Conference, 2-3 June 2022: Sung, Written and Painted. The Ἀκάθιστος ὕμνος and Intermedial Compositional Processes in Later Byzantium

Conference, 2-3 June 2022: Sung, Written and Painted. The Ἀκάθιστος ὕμνος and Intermedial Compositional Processes in Later Byzantium.
It is planned as a hybrid event, which all of you are warmly invited to join.
Painted cycles based on the Akathistos represent one of the great novelties of late Byzantine art, translating a by then already ancient piece of liturgical music into the world of visual art. However, even though the Akathistos Hymn to the Virgin Mary has been studied quite extensively, the relationship between its text, music, and illustrations has not yet been fully explored.
Building on the Akathistos Hymn, the planned conference will examine late Byzantine intermedial compositional processes. Painted cycles based on the Akathistos should be studied as a product of the interaction between hymnography, psalmody, and visual art – not just as a mere visualisation of a text. Illuminated and notated manuscript copies of the hymn ought to be examined as evidence for varied liturgical and devotional practices. Icons and murals that illustrate the Akathistos need to be seen as constituent elements of sacred space. At the same time, the broader social and religious context(s) for the hymn’s use during the late Byzantine period need to be considered.
Methodologically, the conference will have as its focus the concept of intermediality, that is, the interface between various media of cultural expression. The organisers hope that it will contribute towards bridging the methodological gaps that separates various scholarly approaches to the study of medieval culture.
Join us!
2.Juni.2022 06:00 PM Amsterdam, Berlin, Rom, Stockholm, Wien
Join Zoom-Meeting
Meeting-ID: 617 2779 2998
Code: 432988

Gedenkveranstaltung für ao. Univ. Prof. Dr. Wolfram HÖRANDNER (1942-2021)

Gedenkveranstaltung für ao. Univ. Prof. Dr. Wolfram HÖRANDNER (1942-2021)
mit Vorträgen von

Panagiotis Agapitos / Johannes Gutenberg-Universität Mainz
Diskrete Innovation und handwerklicher Modernismus: Zum Werk von Wolfram Hörandner

Martin Hinterberger / Universität Zypern
Eine stille Revolution: Wolfram Hörandner zur byzantinischen Sprachkunst in Lehre und Forschung

Zeit: Montag, 23. Mai 2022, 16 Uhr s.t.

Ort:Erika Weinzierl-Saal, Hauptgebäude der Universität Wien, Universitätsring 1, 1010 Wien

Präsenzteilnahme: Anmeldung bei
und online (Registrierung unbedingt erforderlich)

CfP: Southeast European Silversmithing

Southeast European Silversmithing: Liturgical Objects and the Construction of a Cultural, Technological and Iconographical Network in the Early Modern Period

The conference is scheduled to take place on 4th-5th November 2022. Due to the ongoing epidemiological situation, postponement until Spring 2023 is possible. The conference will be held at the Faculty of Philosophy, University of Belgrade, with the option of remote participation online.
To submit, please provide your full name, title, affiliation, and the theme of your conference paper with a 400 words abstract written in English. The deadline for submissions is 1st June 2022. You should also provide a short personal bio (max. 300 words) and photo for use on the conference website. Prospective conference participants will be notified if their paper has been accepted no later than by 10th June 2022. The conference will be held entirely in English. All information about the conference, including participants, proposal themes and abstracts will be made available on the conference website. A collection of papers is planned following the conference.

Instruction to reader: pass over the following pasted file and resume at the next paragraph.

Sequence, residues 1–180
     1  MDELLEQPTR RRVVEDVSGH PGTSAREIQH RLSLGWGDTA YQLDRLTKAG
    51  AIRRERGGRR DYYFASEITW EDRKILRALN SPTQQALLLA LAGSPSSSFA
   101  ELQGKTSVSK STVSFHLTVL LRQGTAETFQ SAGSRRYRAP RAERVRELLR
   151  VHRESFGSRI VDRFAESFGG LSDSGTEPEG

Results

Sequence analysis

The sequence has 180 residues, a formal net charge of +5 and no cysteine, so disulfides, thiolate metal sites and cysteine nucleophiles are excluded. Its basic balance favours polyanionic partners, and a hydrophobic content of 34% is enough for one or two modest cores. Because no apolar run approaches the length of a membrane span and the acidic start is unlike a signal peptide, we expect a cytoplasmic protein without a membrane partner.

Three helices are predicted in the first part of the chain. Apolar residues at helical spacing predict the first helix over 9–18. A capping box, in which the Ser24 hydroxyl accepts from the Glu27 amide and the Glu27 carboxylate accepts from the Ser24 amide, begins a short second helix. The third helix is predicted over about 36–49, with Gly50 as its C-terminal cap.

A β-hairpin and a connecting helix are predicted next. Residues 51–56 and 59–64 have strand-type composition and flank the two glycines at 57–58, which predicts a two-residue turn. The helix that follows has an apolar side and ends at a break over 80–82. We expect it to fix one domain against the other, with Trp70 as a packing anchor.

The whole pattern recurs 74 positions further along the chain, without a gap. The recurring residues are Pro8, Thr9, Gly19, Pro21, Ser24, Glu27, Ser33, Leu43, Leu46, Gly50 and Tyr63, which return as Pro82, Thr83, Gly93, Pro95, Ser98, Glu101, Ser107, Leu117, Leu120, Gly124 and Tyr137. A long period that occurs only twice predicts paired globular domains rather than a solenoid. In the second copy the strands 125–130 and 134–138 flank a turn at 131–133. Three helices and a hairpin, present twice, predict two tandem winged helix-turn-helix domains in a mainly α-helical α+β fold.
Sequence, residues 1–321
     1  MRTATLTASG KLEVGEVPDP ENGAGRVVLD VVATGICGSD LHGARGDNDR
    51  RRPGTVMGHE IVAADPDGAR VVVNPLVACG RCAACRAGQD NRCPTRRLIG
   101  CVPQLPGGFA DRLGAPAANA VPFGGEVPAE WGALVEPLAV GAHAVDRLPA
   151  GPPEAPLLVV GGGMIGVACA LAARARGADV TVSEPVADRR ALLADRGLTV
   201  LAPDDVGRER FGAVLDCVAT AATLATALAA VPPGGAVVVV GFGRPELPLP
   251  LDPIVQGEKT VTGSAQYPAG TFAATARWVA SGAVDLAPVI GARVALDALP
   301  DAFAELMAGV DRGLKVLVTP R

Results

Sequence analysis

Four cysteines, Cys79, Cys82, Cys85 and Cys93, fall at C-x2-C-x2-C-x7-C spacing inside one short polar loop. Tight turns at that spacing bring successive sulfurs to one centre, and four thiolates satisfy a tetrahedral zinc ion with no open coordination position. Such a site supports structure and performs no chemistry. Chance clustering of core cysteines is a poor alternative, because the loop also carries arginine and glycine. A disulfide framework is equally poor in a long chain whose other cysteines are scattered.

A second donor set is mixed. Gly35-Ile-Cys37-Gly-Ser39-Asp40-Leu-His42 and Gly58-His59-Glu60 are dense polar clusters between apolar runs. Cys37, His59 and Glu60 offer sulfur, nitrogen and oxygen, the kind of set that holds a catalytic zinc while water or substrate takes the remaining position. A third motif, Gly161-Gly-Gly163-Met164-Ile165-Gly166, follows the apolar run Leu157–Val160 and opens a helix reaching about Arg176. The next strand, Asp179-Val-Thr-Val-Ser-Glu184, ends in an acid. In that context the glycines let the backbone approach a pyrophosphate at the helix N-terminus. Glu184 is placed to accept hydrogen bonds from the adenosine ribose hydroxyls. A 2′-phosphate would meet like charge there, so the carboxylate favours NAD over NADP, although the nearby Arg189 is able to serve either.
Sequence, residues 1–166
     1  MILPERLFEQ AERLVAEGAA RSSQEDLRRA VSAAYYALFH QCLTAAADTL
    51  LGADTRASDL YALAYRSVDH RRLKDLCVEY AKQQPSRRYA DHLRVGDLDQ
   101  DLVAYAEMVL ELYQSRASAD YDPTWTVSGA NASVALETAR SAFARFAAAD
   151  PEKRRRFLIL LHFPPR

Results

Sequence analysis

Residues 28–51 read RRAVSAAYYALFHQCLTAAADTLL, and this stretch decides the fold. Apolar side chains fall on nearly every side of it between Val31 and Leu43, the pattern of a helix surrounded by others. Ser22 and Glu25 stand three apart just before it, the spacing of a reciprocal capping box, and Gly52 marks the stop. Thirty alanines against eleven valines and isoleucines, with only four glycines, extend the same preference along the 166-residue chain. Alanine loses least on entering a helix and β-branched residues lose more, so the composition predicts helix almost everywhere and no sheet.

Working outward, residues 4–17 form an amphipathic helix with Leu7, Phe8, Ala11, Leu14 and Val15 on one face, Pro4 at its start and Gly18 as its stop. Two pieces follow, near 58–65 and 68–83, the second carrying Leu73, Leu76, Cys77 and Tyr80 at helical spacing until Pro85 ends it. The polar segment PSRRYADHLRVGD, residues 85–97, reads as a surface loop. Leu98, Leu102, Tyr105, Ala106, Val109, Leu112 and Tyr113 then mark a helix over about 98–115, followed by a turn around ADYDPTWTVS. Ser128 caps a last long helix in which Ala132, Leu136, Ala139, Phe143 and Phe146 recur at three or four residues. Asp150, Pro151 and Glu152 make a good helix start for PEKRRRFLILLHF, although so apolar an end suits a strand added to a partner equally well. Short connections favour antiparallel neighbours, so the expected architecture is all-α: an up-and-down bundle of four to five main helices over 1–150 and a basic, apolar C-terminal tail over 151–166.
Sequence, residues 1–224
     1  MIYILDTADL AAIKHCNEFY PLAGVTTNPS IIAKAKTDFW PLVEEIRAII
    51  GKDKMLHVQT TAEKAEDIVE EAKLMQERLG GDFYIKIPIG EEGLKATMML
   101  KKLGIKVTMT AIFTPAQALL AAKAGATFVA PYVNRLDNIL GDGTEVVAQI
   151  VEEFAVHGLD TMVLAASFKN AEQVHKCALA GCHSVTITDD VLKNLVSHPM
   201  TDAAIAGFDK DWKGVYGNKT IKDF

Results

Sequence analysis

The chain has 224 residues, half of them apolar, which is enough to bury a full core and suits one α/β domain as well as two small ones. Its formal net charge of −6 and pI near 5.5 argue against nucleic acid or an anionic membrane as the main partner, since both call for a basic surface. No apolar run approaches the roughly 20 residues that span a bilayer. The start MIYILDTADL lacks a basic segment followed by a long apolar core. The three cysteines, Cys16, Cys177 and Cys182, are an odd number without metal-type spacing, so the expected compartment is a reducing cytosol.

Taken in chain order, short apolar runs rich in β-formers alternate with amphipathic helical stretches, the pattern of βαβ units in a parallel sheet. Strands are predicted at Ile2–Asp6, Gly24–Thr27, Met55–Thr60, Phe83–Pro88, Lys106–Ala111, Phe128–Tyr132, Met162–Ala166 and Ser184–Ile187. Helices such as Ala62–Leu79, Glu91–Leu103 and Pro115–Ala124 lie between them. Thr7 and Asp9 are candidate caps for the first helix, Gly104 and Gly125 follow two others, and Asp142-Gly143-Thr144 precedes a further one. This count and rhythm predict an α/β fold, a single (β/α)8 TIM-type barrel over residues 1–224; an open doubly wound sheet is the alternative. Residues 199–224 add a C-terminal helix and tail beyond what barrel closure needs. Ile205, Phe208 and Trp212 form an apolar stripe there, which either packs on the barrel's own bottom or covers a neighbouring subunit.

Tübingen Byzantine and Near Eastern Seminar, May 19

Tübingen Byzantine and Near Eastern Seminar
Religious Conflict in Baghdad: Proto-Sunnism and Its Opponents in Ibn Qutayba’s (d. 276/889) Kitāb Ta’wīl Mukhtalif al-Ḥadīth
Gabriel Said Reynolds, Jerome J. Crowley and Rosaleen G. Crowley Professor of Theology University of Notre Dame
Thursday, May 19, 2022 at 6:15 p.m.
Kupferbau, Lecture Hall 22
Philosophische Fakultät
The lecture is hybrid. For online (Zoom) registration please contact or

Society for the Promotion of Byzantine Studies (SPBS) and Austrian Association for Byzantine Studies (ÖBG) Joint Lecture

Society for the Promotion of Byzantine Studies (SPBS) and Austrian Association for Byzantine Studies (ÖBG) Joint Lecture

Tuesday, 24 May 2022 at 17:00 (London), 18:00 (Vienna) over Zoom

The Byzantine Empire and the Shape of Afro-Eurasia Today (and Tomorrow)
Dr Rebecca Darley (University of Leeds)

Between the fourth century and the eleventh, the Byzantine Empire was the hinge point in a power shift that continues to shape global geopolitics today. In the fourth century the Mediterranean was a Roman sea. Italy was closer culturally and politically to North Africa than to France or Germany, the Mediterranean coast of West Asia to Greece and even the Iberian peninsula than to southern Arabia. By the eleventh century the Mediterranean was divided more-or-less on a Northwest to Southeast axis between increasingly mutually self-defining Islamicate and Christian spheres. It was becoming increasingly normal for political leaders and social commentators to think of social solidarity being defined by this line and military mobilisation crossing it. This much has not gone unnoticed in world history, though it can too easily be re-imagined by politicians as an eternal state of affairs. The critical role that Byzantium played in this transformation, however, and the role that Byzantine studies has to play in understanding it has, however, been less well-explored. This lecture will examine Byzantium as a consistent challenge to efforts to define Europe, the world and the Mediterranean as a battleground between East and West, Muslim and Christian, ‘us’ and ‘other’.